Angela drooled.  We savored.  We must have said ten times, "Wow...she is SO good!"  And my daughter fell in love and can't wait to wade in the deep end, tackling a very challenging book with 3 years of English behind her.  This is a story that will impact her profoundly, already we can both see that.  It may take us 6 months of slowly working our way through it, stopping as we discuss all the nuances and subtleties, but by the time we reach the end, we will have made the journey together and traveled a great distance.  How can I not be willing when she looked up at me with the biggest grin and said, "And mom...Maya wrote THIRTY FOUR books, we could read them ALL!"

Strong, courageous girls need strong, courageous heroes to read about.

Olesya has typed every one of her science end of chapter responses, carefully making sure they are neat and transferring the info from her written notes because she said, "It's school, mom, it ought to be as perfect as I can make it."

Kenny sat at the table longer than anyone yesterday, never giving up, showing ever more responsibility as he works so hard on what would take the others half the time.

There is so much effort being put out, and always has been.  How we'll manage is anybody's guess.  One step in front of the other. Somehow, it'll figure itself out I suppose.

But tonight it just feels very, very hard.  It's worth it, of course, but it would be nice to sail along for a little while.  I think my mast feels broken.

3 comments:

Anonymous said...

What commitment from all of you! Good Job!

Anonymous said...

Cindy, I just called my sister-in-law (she lives right across the gravel road!) to ask her some questions. First, she is a special ed teacher in our middle/high school. But also, her three kids all have had reading struggles, and two have had IEPs. Her son will be attending jr college this fall (along with our son). I knew they had learned from the jr college advisor that there were tools they recommended to help with his reading. Here's what she said. Jr Co told him about Kurzweil 3000, a program that will read his texts to him. Now I know that isn't your goal, to not have your kids learn to read on their own, but it might be something that could help. I googled it, and it says it's a "text to speech literacy" software program. They said it doesn't work on a MAC, so he got windows version computer. She also told me she recently bought her daughter a kindle (soph this year). She bought some "immersion reading" books for that, which will read the book to you also. She hasn't tried these changes, but she read that you can go into the program and change things about the visual appearance of the book. First, it can highlight the words as it reads to you, and you read along. You can make the spacing different between the words or lines, change the background color to make the words stand out more, etc. Her daughter says that after awhile, words start all blending together or swimming around, so she's going to try to change some settings on the kindle..or to the program...I'm not up on kindles to understand exactly how they work. Again, I know you want your kids to have the reading skills themselves, not just be read to, but this sounds like some neat tools that could help some kids...maybe some of yours? Just some ideas. She says the voice is very expressive...which is probably something that would benefit one of my daughters, who hasn't liked reading all that well (learned English at age 10). Hope this might help, or anything else someone might suggest. Also, you have to be easy on yourself. Most homeschoolers I know, when their kids get to high school, they basically tutor themselves. But you are working with multiple learning issues...so you are a special education teacher to a "one room schoolhouse" classroom! I encourage you to continue to use others (friends and capable, willing volunteers) to come along side and help your kids, as you have done in various ways in the past. Also, do you live near a college or university? I thought there might be education majors who would be interested in helping to tutor some of your kids...in your home, always, I would say. They might be able to get credit for that type of thing for one of their own classes. Of course, I know that would require time for you to "interview" or oversee such things...but if they could come to your house and work nearby with one or more of your kids, that might be just a little boost now and then. Just a thought. As I say, be kind to yourself. I'm sure it must be overwhelming, trying to help many special learners at once. Our daughter is an elementary special ed teacher. I'm not sure how she does it with a classroom full of kids, either!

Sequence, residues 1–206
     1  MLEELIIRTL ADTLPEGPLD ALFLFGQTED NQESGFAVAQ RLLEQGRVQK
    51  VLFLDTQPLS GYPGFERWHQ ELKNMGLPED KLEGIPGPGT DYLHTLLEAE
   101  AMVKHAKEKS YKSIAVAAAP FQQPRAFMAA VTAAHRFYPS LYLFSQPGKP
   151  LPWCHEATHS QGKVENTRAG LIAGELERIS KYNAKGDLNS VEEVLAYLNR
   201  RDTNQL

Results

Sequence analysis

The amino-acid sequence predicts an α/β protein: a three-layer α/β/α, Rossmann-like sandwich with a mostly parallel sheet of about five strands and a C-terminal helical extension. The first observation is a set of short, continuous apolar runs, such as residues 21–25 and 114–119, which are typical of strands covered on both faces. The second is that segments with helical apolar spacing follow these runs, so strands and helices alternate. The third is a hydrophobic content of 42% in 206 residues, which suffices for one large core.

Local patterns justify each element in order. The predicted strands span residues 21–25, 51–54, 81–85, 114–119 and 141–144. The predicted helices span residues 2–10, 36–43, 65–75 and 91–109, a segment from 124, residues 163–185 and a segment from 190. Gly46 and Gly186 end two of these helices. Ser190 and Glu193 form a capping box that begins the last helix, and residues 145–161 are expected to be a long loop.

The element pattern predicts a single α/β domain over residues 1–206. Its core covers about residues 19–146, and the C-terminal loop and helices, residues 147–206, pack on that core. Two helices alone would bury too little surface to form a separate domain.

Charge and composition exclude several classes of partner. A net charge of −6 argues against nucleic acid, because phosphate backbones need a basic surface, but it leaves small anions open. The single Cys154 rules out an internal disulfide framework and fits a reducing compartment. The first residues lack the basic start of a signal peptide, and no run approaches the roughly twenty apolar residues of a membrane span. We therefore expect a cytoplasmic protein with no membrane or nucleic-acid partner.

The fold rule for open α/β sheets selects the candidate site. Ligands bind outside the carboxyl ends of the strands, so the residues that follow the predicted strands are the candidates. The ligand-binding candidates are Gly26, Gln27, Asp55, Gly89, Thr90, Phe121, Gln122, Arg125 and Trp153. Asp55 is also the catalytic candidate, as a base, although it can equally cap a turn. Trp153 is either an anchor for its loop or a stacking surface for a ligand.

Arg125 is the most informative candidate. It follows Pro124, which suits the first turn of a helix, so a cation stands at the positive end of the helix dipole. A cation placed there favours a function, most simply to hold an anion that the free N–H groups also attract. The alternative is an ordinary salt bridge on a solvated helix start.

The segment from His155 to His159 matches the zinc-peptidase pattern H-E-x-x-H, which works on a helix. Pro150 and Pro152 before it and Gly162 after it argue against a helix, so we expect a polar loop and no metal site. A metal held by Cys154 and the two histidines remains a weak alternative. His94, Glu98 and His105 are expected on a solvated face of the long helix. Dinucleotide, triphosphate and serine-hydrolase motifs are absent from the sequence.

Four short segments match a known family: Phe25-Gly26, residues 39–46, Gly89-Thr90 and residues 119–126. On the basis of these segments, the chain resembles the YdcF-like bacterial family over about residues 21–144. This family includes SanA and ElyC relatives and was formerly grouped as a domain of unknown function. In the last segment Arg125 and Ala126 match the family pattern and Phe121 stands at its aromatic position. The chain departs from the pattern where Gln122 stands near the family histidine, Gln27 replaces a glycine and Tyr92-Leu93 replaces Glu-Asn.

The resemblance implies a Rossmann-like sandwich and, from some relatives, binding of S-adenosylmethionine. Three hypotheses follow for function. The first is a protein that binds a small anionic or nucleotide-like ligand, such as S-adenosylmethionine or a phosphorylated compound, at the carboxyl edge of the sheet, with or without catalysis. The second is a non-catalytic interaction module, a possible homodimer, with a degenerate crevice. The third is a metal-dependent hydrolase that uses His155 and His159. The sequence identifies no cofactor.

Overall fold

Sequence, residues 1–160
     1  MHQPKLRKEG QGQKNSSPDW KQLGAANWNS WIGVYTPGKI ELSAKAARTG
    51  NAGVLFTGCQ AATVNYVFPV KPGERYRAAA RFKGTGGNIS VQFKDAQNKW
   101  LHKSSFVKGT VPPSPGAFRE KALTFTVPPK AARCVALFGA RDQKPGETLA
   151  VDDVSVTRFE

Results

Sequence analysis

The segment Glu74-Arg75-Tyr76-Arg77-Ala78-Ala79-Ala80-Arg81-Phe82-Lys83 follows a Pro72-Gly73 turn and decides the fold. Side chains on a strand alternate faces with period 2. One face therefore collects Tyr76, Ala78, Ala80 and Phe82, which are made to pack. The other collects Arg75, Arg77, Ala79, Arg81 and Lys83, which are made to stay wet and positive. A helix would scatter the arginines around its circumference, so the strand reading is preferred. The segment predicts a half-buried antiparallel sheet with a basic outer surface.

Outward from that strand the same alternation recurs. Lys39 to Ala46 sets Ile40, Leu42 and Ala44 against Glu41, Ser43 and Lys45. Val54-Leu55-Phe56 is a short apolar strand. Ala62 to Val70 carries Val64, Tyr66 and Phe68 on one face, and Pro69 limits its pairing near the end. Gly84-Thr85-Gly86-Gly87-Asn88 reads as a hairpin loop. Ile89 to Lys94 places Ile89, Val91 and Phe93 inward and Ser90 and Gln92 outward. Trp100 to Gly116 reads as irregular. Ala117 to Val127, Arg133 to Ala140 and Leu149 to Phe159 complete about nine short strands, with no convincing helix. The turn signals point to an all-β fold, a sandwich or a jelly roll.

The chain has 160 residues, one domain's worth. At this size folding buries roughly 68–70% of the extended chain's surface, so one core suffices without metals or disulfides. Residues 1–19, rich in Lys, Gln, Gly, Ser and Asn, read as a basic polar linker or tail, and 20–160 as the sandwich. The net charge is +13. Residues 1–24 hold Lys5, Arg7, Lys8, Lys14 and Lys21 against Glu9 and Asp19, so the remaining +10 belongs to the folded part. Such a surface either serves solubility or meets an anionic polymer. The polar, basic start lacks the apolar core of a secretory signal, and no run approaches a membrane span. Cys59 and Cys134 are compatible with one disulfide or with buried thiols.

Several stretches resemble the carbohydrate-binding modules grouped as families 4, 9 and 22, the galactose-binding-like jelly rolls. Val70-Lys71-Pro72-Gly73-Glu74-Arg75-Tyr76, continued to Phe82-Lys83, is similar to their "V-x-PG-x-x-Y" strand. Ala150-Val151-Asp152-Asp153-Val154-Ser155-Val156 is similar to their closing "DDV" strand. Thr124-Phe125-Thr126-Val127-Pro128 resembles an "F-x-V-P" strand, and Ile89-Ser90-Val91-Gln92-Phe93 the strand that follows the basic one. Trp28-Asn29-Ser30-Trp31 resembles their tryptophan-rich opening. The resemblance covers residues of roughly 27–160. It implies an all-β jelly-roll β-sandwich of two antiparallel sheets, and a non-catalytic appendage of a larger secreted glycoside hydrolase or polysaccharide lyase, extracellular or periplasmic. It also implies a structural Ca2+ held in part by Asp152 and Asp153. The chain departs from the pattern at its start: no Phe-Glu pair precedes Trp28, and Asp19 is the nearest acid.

Nancy in the Midwest

Anonymous said...

I just wanted to post and let you know how much I admire your family. You are such a successful mother! I don't know how you raised your kids to be so hardworking and kind-hearted. If you ever write a parenting book, I will be the first to read it! The enthusiasm for learning that your kids have are going to take them farther than any curriculum. :)